I’ve thought about having some real-time displays. An example I recently set up is a count-up timer (really it’s just an iPad looking at a web page) that tells me how long I’ve been asleep. I also quite often look at my digital pedometer to see if I’ve walked enough steps yet in a day.
Q: Something that keeps popping up in my exploration of Quantified Self and people who use personal data tracking devices and services is the issue of “getting credit”. You yourself express regret over not having more information from earlier in your life. Some might argue that this dependence borders on the obsessive or unhealthy. That we are offloading our human intuition to these data capture systems. How do you balance your intuition and instinct with what you learn and access through your personal data collection and analysis?
SW: I am spoiled by personally having a rather good memory, especially for facts, names, etc. So I’ve always had the issue of remembering a lot about what happened in the past. Of course, with actual data I continually learn how sparse my memory is.
I’ve been fortunate enough to have all sorts of experiences in my life, and I’ve learned a lot from them. And the more I can remember the experiences, the better I can make use of what I learned from them. And the more I am able to repeat my successes, and avoid repeating my mistakes.
I’m definitely a person who likes to do things, not just contemplate my past life. But I like to build on my past life to continually be able to do more things, and have more personal satisfaction.
Q: Lastly, this post has been a big inspiration to a lot of people and has been shared and passed around by many. Are there any last insights or thoughts you’ld like to share with our community?
SW: I think it’s great that your community is working in these directions. There’s a lot of “best practices” to figure out, that will probably affect our lives a lot in the future. I’m looking forward to seeing what your community figures out!
So there you have it. Some very insightful words from the man behind the numbers. Now that I’ve read through his wonderful answers to my overly wordy questions, spent some time watching his wonderful TED talk, and doing some late night thinking, I’m starting to wonder about how his process and systems might be a window into our quantified futures.
The reason this post is entitled, The Computational Quantified Self, is because I think that Stephen is onto to something brilliant here with his process of having Wolfram|Alpha Pro handle all of the processing for him. One of the things that I hear time and time again from individuals who are either interested in or just starting their own self-tracking practice is, “What next?” That is to say, there are a lot of people out there who either do not have the skills, knowledge, or time to handle the analysis needed to make sense of the large data sets they’re creating. So what happens when there is a system to do that work for you? Maybe that system is something from Wolfram Research, or Google, or some new startup we don’t even know about yet. But surely there will be people who embrace those systems to help them make decisions. Better decisions. Informed decisions. Personalized data driven decisions that enhance and improve their lives.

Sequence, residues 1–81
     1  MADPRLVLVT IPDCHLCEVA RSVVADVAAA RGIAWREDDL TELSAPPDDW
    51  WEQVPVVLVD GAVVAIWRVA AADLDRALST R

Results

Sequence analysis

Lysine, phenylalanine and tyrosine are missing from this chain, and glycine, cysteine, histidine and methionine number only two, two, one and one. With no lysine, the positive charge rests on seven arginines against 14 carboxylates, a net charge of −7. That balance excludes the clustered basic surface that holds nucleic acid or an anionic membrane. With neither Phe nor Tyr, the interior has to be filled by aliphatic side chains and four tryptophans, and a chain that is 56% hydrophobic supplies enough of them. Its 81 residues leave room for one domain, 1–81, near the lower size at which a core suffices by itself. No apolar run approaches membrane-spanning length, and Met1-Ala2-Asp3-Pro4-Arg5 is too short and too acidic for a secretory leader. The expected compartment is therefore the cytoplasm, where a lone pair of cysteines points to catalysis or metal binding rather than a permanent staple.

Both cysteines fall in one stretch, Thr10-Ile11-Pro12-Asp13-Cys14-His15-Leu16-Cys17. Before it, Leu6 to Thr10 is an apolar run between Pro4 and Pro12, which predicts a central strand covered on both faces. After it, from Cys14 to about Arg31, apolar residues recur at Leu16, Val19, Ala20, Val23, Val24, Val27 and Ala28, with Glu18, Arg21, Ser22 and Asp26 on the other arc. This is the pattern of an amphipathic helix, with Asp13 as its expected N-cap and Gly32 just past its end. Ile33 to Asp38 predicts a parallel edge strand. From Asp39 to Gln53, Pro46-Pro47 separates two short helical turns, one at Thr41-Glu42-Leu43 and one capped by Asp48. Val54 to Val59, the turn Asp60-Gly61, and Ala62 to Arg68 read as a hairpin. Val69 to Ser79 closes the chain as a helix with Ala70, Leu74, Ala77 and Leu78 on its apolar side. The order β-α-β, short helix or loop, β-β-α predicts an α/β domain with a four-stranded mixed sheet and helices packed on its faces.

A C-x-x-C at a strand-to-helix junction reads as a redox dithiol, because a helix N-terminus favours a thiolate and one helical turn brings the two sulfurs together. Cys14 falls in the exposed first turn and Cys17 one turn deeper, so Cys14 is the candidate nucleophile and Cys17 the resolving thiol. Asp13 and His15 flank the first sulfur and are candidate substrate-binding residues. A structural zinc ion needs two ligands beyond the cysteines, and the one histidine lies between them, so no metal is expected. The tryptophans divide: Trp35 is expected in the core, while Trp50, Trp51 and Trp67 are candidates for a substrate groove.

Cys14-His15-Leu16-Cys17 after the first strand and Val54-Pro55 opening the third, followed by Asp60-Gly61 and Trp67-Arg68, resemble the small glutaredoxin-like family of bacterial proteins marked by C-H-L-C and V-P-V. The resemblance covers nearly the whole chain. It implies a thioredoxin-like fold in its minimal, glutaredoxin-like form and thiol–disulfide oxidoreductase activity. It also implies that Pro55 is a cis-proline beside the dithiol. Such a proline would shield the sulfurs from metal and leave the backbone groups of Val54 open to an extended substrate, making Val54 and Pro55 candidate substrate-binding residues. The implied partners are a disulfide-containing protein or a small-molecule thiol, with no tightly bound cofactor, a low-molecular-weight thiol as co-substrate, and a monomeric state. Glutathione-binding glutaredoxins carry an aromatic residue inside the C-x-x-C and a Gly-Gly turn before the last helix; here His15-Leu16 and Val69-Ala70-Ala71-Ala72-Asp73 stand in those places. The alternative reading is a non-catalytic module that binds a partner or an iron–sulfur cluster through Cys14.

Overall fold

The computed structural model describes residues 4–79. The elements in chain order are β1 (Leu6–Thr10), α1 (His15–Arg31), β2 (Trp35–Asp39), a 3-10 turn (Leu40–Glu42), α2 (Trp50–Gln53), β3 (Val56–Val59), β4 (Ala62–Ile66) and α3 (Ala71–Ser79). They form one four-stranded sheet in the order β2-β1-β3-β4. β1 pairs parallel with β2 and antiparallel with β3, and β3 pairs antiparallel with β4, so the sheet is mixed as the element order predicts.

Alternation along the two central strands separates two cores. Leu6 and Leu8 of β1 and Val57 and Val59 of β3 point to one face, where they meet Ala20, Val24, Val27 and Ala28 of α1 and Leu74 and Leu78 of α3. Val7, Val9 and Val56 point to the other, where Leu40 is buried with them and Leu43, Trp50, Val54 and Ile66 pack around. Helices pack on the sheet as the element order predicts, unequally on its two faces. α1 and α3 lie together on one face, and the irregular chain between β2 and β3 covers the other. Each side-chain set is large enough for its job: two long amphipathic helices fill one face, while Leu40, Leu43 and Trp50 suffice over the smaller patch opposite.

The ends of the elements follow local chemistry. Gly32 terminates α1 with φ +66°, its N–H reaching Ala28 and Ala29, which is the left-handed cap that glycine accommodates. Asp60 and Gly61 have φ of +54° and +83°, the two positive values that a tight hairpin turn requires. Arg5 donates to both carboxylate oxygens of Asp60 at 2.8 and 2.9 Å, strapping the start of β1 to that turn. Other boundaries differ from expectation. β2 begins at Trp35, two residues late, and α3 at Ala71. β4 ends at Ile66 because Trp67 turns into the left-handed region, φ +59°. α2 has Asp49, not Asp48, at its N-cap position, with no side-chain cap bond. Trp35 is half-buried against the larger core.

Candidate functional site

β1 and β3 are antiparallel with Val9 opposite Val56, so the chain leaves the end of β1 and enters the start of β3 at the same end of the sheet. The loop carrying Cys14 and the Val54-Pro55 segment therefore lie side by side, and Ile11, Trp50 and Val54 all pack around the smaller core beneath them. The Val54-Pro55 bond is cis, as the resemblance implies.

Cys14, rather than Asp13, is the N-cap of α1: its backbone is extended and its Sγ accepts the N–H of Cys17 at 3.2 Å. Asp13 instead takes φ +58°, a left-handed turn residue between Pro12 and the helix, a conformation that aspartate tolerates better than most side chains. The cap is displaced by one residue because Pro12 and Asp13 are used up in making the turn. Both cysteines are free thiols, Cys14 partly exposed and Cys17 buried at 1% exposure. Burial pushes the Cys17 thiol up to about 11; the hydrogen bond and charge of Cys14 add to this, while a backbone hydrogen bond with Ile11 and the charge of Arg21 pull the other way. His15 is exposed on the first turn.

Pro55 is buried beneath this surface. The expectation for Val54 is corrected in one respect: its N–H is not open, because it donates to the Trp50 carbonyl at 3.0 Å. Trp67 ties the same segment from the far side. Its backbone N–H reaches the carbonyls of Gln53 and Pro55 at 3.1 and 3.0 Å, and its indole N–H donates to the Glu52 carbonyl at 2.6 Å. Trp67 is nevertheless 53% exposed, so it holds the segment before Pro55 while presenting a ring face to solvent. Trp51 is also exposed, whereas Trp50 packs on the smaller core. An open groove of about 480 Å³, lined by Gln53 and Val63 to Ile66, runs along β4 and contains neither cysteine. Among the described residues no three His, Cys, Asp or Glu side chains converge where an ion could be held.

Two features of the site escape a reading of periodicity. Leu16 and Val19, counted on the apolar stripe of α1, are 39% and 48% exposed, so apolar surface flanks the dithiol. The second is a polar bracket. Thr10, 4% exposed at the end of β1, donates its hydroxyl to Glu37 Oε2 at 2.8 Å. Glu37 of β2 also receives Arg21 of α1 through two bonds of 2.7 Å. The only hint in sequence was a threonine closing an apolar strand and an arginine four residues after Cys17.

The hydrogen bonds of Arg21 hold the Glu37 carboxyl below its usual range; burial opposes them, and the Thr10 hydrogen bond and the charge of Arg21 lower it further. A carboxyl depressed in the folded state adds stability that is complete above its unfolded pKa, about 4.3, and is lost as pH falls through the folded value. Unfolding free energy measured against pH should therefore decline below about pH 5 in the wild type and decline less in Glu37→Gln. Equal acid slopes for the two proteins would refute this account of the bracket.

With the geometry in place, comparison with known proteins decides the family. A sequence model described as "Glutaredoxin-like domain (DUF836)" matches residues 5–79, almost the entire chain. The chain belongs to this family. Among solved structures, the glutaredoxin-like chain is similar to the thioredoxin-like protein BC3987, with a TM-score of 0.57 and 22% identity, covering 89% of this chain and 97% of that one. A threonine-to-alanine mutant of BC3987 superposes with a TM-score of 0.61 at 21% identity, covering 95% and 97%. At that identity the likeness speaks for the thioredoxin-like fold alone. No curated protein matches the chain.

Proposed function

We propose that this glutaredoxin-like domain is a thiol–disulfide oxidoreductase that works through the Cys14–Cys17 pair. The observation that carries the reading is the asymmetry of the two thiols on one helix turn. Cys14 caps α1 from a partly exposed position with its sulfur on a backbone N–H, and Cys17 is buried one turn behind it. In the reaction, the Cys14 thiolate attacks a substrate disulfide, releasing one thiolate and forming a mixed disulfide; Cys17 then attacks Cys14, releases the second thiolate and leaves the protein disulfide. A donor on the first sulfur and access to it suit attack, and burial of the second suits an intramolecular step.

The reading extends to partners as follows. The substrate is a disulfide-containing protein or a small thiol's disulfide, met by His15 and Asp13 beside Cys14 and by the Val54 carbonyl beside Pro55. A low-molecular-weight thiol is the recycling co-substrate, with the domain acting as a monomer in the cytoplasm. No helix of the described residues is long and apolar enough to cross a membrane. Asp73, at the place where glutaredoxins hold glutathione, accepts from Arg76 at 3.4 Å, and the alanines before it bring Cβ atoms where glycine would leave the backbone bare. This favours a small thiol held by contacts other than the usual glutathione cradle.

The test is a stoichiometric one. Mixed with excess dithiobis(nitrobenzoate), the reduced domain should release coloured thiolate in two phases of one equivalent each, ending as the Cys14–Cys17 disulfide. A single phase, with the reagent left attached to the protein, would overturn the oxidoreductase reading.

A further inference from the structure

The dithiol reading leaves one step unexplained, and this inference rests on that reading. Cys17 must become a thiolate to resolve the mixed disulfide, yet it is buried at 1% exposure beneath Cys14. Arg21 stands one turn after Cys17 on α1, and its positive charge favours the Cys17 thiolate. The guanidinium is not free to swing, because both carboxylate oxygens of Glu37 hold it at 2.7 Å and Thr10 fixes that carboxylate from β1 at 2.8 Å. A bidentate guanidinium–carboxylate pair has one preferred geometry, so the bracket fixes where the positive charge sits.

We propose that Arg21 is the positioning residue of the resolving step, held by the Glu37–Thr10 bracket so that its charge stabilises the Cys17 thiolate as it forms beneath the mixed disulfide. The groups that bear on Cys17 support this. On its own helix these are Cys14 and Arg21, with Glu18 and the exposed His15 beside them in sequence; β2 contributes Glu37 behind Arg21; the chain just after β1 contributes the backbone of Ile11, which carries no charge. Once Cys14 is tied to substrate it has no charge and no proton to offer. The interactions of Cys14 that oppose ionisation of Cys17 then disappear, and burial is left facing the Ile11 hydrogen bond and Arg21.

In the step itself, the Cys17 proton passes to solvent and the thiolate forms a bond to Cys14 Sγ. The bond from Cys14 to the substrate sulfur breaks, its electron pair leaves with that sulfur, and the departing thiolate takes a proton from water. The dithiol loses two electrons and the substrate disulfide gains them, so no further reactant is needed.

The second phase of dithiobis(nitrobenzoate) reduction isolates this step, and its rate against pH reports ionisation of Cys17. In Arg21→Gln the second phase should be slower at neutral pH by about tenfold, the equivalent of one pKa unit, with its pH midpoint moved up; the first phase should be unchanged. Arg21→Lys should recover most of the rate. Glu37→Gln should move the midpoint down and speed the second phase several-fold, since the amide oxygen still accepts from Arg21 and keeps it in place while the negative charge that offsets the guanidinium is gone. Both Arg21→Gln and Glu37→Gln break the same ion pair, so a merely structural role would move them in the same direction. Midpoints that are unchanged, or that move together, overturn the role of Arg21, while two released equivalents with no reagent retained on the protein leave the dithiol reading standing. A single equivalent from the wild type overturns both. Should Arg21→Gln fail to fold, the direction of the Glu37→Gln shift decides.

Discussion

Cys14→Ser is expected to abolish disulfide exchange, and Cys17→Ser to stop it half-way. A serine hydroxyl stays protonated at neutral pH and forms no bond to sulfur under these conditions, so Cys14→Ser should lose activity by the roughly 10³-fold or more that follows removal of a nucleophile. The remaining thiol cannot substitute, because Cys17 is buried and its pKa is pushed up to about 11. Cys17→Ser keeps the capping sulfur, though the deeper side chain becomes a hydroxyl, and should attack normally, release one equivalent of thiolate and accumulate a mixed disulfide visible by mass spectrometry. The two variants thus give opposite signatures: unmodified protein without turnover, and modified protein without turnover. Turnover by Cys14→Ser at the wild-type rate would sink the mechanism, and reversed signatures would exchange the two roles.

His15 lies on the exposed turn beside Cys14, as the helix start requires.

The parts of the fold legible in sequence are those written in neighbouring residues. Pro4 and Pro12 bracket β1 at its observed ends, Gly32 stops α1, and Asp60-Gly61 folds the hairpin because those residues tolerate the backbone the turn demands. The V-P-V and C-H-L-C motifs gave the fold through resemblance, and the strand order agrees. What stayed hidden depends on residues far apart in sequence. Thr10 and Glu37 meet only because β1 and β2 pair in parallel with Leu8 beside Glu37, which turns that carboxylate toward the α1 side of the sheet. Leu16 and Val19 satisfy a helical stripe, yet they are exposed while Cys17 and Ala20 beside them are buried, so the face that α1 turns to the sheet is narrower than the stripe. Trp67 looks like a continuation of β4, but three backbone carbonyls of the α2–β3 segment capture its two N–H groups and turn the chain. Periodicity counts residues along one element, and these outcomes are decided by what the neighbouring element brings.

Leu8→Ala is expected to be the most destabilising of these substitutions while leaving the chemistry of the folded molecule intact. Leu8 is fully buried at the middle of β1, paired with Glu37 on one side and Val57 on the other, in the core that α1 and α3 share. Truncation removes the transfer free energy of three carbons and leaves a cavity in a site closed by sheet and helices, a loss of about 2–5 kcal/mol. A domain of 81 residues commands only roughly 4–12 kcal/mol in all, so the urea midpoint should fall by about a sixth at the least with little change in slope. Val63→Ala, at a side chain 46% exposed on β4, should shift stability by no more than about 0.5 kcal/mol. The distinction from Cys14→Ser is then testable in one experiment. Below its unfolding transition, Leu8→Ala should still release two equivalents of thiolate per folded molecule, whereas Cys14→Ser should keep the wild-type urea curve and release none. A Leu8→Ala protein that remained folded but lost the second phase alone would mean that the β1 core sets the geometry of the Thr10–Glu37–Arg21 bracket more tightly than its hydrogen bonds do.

That sounds like a pretty amazing world to live in.
Special thanks to Stephen Wolfram for taking time out of his busy schedule to answer our questions and to his staff for making this possible. This was a special edition of our regular Numbers from Around the Web series. If you have data you’ld like to have featured in the series you can contact the author here.
Karsten W. is on an amazing journey towards understanding his personal finances. Thankfully for us he’s been writing about his methods and what he’s learned along the way over at his blog: FactBased. Let’s dive in!
Step 1. Track
Karsten decided to use twitter to track his expenses and supplement that data with his normal bank statements. Not simply satisfied with this seemingly simple step, he went a bit further and compared his twitter entries to the data from his bank to see how well he was able to self-track:
Step 2: Classify
Having compiled his full year of monetary tracking, Karsten then looked to how to better understand where his money was going by classifying his spending. He looked into classification schemes and settled on using the United Nations Classification of Individual Consumption According to Purpose. Why?
It is made by people who have thought more about consumption classification than I ever will.
Again, he did some amazing number crunching and visualized his entire year.
Step 3. Compare
So Kartsen has his expenditure data and he has it classified according to a simple schema. What’s next? Why not compare it to what is typical for someone like him! Karsten did some digging and found the German Federal Statistics office completes surveys of consumption and income every five years. He pulled the data that most closely reflected his income level and created a neat comparison:
I found this series of blog posts to be fascinating. For one, Karsten wasn’t just satisfied with tracking his finances for a full year. He went above and beyond and did some personal data analysis using some really neat tools and methods. I highly suggest you read his posts on tracking, classification, and comparison. Not only are the posts interesting, they also include short “how-to” write ups if you want to implement his analytical and visualization methods using R (an free statistical program). Keep up the great work Karsten!